Containing electromagnetic pollution with MXene

1 min read

A group of researchers at Drexel University and the Korea Institute of Science and Technology is working on cleaning up electromagnetic interference by blocking out and containing the emissions with a thin coating of a nanomaterial called MXene.

"As technology evolves and electronics become lighter, faster and smaller, their electromagnetic interference increases dramatically," said Babak Anasori, a research assistant professor in the A.J. Drexel Nanomaterials Institute. "Internal electromagnetic noise coming from different electronic parts can have a serious effect on everyday devices leading to malfunctions and overall degradation of the device."

Typically, the interior of a device is encased in a cage of a conductive metal like copper or aluminium, or a coating of metallic ink. While this is effective, it adds weight and is considered a restriction on how small the device can be designed.

The team’s findings suggest that titanium carbide, one of about 20 two-dimensional materials in the MXene family, can be more effective at blocking and containing electromagnetic interference, with the added benefit of being extremely thin and easily applied.

The team tested samples of MXene films ranging in thickness from 2 to 45µm. It is said to have found that the thinnest film of MXene shields as effectively as copper and aluminium foils. By increasing thickness of the MXene to 8µm, it claims to achieve 99.9999% blockage of radiation with frequencies covering the range from cell phones to radars.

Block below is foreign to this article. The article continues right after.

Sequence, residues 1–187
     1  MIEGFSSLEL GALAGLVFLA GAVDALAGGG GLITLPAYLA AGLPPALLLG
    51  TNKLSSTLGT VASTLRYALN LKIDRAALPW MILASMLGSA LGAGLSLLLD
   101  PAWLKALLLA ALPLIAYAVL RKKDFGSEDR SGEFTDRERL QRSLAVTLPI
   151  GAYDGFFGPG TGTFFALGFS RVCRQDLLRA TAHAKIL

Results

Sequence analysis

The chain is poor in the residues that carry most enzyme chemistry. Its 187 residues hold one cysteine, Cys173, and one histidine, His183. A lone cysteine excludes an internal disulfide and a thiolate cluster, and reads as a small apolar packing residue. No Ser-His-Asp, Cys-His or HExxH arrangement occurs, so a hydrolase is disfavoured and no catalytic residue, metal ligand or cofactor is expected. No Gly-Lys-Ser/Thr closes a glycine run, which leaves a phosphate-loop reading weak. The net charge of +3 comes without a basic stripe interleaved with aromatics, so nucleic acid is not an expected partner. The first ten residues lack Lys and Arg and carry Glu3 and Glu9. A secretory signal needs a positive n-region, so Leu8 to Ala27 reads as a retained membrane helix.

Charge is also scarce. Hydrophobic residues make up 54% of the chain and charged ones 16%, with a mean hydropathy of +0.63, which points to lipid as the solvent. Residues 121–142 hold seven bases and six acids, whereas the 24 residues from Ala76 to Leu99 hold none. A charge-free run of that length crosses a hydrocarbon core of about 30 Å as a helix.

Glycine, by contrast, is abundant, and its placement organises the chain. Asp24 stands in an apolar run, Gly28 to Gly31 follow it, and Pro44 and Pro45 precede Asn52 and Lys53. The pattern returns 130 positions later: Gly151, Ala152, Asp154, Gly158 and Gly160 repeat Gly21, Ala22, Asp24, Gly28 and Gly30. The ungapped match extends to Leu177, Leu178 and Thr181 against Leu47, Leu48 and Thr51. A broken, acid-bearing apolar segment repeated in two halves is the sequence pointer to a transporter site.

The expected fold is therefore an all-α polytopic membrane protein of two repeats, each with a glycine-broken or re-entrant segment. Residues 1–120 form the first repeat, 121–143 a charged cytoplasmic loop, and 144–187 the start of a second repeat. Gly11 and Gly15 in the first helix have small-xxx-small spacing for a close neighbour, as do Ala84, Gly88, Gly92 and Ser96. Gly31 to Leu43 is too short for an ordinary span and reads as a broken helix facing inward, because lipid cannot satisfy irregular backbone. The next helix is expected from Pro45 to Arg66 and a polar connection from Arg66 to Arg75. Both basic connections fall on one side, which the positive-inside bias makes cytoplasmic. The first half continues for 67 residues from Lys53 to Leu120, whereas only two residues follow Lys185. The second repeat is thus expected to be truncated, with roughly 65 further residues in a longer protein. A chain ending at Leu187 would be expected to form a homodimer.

The key to MXene's performance is said to lie in its high electrical conductivity and two-dimensional structure. According to the researchers, when electromagnetic waves come in contact with MXene, some are immediately reflected from its surface, while others pass through the surface but lose energy amidst the material's atomically thin layers. The lower energy electromagnetic waves are eventually reflected back and forth off the internal layers until they're completely absorbed in the structure.

One other result is that its shielding works just as well when combined with a polymer to make a composite coating. And, on weight basis, it even outperforms pure copper.